The feather

    Cat toyFeatherDescribed as "the less interesting picture, but better desktop wallpaper", the feather has an equally unremarkable story. I had recently acquired a Canon MP-E 65mm f/2.8 1-5x Macro lens, and had gotten into the habit of crawling around the floor, taking macro pictures of anything that looked interesting. (I even walked up to my boss and asked if I could take a macro picture of his shirt, and he kindly humored me.) One of the things I found to take a picture of was a cat toy that had feathers on it-- and out of that cat toy, the feather photo was born.

    Happy Cinnamon

    Day 25: Smile!I've posted over 50,000 photos to Flickr, so a competition for my "favorite photograph" would be a fierce one. Happy Cinnamon would undoubtedly make the top 5. It was January 25, 2008, and a cold Chicago winter. Andy and I went up to Devon Ave., home of the Patel Brothers grocery store and super-cheap spices. We had some mulled wine at ZooLights a few weeks earlier, and needed some cinnamon sticks to re-create the experience. The happy cinnamon is glad you're hereI took one out of the package and looked at it from one end, and was utterly delighted to see it smiling at me. That photo became my picture-of-the-day for January 25th.

    March came, and it was still cold and dreary, and I decided that my part of the office (which included the door to the entire space) needed some color... much to the chagrin of my more button-down co-workers. I put up a rainbrow made of macro photos of food, and encouraged visitors to guess what each photo was while they were waiting. Happy cinnamon, the wrong hue to be included in the rainbow, got the place of honor: right opposite the door, so it could greet everyone who walked in.

    Where is Happy Cinnamon now?I eventually re-decorated, then moved offices, but I took Happy Cinnamon home. It's bounced around my apartment, but most recently it's been positioned between the kitchen and the living room. Every morning when I open the bedroom door, Happy Cinnamon is smiling at me from the other end of the hallway. Every evening when I come home from work, Happy Cinnamon is there, above the table where I pile stuff to sort out later.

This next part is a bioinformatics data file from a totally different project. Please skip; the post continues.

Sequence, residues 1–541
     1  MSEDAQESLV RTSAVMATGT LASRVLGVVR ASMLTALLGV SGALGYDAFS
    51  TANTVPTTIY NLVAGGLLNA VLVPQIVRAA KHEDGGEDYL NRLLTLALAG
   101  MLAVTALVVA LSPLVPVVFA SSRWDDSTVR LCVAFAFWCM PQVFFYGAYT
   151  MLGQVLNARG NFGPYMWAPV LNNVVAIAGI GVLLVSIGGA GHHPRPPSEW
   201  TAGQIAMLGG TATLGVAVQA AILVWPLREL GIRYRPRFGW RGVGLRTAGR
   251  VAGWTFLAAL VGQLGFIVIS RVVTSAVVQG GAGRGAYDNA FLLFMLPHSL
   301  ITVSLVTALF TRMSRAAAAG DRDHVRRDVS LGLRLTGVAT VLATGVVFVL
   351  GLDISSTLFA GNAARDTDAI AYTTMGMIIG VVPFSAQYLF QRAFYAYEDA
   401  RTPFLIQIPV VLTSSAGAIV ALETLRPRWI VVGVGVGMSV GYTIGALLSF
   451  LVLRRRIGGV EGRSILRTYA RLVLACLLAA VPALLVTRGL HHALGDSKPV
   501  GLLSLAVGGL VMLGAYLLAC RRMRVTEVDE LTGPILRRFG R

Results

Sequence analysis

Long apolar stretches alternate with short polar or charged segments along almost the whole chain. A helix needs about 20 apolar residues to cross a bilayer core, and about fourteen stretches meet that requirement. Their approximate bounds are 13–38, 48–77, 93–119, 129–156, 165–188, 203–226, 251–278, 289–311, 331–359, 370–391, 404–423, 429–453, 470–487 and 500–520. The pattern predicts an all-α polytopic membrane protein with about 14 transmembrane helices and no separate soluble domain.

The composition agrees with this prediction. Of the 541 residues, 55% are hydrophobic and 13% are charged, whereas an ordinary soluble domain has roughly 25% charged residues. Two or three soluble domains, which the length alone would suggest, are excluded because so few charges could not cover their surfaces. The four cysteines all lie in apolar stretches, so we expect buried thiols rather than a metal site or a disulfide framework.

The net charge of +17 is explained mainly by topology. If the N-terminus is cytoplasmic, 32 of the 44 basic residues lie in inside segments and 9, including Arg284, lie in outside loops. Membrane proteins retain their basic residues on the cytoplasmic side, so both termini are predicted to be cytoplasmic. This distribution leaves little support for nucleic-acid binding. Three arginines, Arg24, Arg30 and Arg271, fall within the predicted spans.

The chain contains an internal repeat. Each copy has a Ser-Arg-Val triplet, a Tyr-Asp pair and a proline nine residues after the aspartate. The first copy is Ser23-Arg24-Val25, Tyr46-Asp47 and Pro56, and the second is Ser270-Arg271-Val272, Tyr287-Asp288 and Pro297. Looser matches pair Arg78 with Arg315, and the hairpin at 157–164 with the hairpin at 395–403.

Whether or not Happy Cinnamon is the best choice for a desktop wallpaper (the point has been well-made that there's perhaps too much contrast for it to be ideal), I'm glad my serendipitous realization that cinnamon sticks smile at you is today in the hands of thousands.


    Chrono Trigger on SNesoid: the Arris Dome password trick

    Chrono Trigger and SNesoidI was delighted to discover SNesoid for Android, which has let me relive my favorite childhood games, particularly Chrono Trigger. But in 2300 AD, after spending a half-hour chasing a rat across the screen to extract the password from it, it looked like SNesoid wasn't able to support hitting the three necessary buttons together (L + R, then A). And then this Android Forum thread caused me to look into key mapping.

    To enter the password and get on with the game:
    1) Hit the menu button in SNesoid
    2) Go to Input settings, then Key mappings
    3) Scroll down and select Button A. When it says Press a hardware key... press one that doesn't already cause a change of state in the app (i.e., don't choose the "home" or "menu" buttons.) I went with the volume down button.
    4) Go back to the game, and stand in front of the sparkling panel where you need to enter the password
    5) Keep a finger on both the L and R "keys" on the on-screen keyboard, and then hit the physical volume down button (or whatever button you chose in the key mappings interface.)

    And that's all! Go back to the key mappings interface and get rid of the key assignment for Button A, and head across the bridge discover that Lavos destroyed the world in 1999.

    Note: I'm running SNesoid 2.0.4 on an Unrevoked Forever Evo 4G with Froyo. Your mileage may vary.

    Additional dorky footnote: I loved Chrono Trigger so much that I made a mask of Mune in art class when I was 11, and spent hours playing the game and transcribing all the dialog in a Word file that I then used to write a novelization that inevitably focused primarily on Lucca, my very favorite character. Embarrassingly, in re-playing the game I discovered I can still quote back much of the dialog before even seeing it.